Kelly: Aquaculture safe, sustainable way to boost U.S. seafood production

The seafood industry has long been a vital economic force in Massachusetts, generating $14 billion annually in sales and employing more than 127,000. But despite the strength of the industry here and our rich fishing grounds and strong ports, the Bay State still imports far more seafood than it produces.

Surprising, right?

It’s a problem across the country that’s getting worse each year. Today the U.S. imports 90% of the seafood we eat, and it’s clear that wild capture fisheries alone can’t meet our increasing demand for seafood. It’s time for the United States take action to diversify our food supply by encouraging development of the nascent aquaculture industry.

Aquaculture — or fish farming — needs to play a bigger role in producing sustainable protein for our growing population. And it can do so as a complement to the fishing industry — not in competition with it.

New legislation introduced in Congress on Oct. 28, the bipartisan Advancing the Quality and Understanding of American Aquaculture (AQUAA) Act, would support growth of an American aquaculture industry in Massachusetts and nationwide.

Aquaculture in the U.S. has been hampered by an erratic and intimidating regulatory landscape, which currently involves an alphabet soup of state and federal agencies. It’s confusing, time-consuming and expensive, with up-front administrative costs for a new fish farming project capable of creeping into the seven figure range.

The AQUAA Act would fix that by establishing national standards for offshore aquaculture and putting in place a clear regulatory system for the farming of fish in the U.S. exclusive economic zone. Creating a well-defined regulatory process and timeline will reduce risk and help spur investment in the industry.

The benefits of a robust aquaculture industry in our state and to the entire seafood community would be enormous. An increase in fish farming will bolster the Bay State’s economy and support a diverse workforce. In coastal states like ours, jobs would increase not just for those farming fish but in waterfront communities where work is often seasonally dependent. With increased seafood production, jobs will open in manufacturing, processing and distribution, as well as sales and marketing. Workers with backgrounds in artificial intelligence and machine learning, which enable sustainability and measurement, will also be in high demand.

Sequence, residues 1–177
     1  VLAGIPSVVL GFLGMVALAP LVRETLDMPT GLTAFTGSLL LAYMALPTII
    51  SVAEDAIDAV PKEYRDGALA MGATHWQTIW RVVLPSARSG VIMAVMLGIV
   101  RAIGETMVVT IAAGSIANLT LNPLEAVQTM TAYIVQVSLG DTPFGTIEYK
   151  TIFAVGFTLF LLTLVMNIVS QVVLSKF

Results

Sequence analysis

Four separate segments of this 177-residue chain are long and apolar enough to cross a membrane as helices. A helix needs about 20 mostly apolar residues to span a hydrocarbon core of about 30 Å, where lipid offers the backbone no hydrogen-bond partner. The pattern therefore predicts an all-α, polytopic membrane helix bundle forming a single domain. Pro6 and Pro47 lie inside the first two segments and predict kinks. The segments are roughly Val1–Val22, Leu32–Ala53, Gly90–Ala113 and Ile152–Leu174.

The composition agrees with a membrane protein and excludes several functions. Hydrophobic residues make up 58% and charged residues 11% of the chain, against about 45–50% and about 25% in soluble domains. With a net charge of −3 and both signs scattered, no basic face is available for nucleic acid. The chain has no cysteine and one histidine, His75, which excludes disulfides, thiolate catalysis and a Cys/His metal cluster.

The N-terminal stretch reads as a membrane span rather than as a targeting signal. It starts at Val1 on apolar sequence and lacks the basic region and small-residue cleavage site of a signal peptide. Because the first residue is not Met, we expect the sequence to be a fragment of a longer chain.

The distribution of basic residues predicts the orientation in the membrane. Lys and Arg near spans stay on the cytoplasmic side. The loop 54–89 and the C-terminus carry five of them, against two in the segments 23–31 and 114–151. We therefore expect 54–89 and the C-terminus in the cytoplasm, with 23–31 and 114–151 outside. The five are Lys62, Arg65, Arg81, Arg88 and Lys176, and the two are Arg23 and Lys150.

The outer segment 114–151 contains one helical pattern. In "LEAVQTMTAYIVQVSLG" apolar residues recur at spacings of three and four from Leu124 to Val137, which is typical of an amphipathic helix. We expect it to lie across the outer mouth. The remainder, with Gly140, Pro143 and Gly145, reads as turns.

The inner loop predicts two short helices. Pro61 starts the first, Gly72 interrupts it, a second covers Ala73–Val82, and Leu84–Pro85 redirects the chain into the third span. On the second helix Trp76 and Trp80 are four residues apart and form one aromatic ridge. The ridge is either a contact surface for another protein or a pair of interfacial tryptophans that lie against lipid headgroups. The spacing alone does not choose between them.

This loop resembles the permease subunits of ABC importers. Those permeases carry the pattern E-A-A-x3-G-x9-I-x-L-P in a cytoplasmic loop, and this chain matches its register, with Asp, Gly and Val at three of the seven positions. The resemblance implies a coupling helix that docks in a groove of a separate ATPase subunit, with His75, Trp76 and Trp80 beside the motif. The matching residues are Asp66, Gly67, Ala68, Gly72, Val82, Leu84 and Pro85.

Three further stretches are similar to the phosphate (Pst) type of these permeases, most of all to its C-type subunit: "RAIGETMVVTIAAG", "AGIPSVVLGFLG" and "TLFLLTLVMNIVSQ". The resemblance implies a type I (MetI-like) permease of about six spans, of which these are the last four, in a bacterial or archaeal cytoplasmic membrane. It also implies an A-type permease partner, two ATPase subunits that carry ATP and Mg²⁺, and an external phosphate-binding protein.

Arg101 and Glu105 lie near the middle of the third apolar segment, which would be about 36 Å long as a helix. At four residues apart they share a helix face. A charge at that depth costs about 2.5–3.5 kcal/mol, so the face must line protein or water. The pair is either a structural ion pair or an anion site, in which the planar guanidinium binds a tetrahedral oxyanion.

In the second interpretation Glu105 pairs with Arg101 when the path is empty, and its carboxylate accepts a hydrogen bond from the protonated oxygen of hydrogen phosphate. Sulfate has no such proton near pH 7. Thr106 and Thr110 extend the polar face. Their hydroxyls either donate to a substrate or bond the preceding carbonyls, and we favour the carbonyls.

It’s these technologies that have helped make fish farming a commercially viable way to produce clean, healthy seafood in a manner that’s good for the environment. At my company, Innovasea, innovation and science are at the heart of our business. As an aquaculture technology company, we produce egg-to-harvest aquaculture systems that make open ocean aquaculture a reality — and which rely heavily on AI and other advanced technologies. Our environmental sensors, biomass cameras and underwater feeding system help farmers feed their fish more efficiently, optimize production and save money.

Unfortunately, there are many outdated and misguided myths surrounding aquaculture. The truth is that fish farming is a proven, sustainable form of food production. Scientific research shows that offshore aquaculture, when done carefully and managed responsibly, has little environmental impact. And, when it comes to shellfish, species like mussels are inherently sustainable because they help clean the ocean floor.

Fish farming is the fastest growing food sector in the world, and the U.S. needs to embrace this burgeoning industry. We have the resources and technological know-how to be a world leader in responsible aquaculture, but the lack of a clear, predictable federal permitting process prevents viable offshore aquaculture projects from attracting investors or getting off the ground. I can tell you firsthand that there are plenty of entrepreneurs poised to invest in this emerging industry here in the U.S., but they keep getting thwarted by a complex regulatory process, an alphabet soup of state and federal agencies and a general misunderstanding of fish farming.

I encourage our federal representatives to support the expansion of aquaculture here in Massachusetts and nationwide. Investing in alternative food sources such as aquaculture and increasing our food security ahead of the next global pandemic is a necessity for the commonwealth and our nation.

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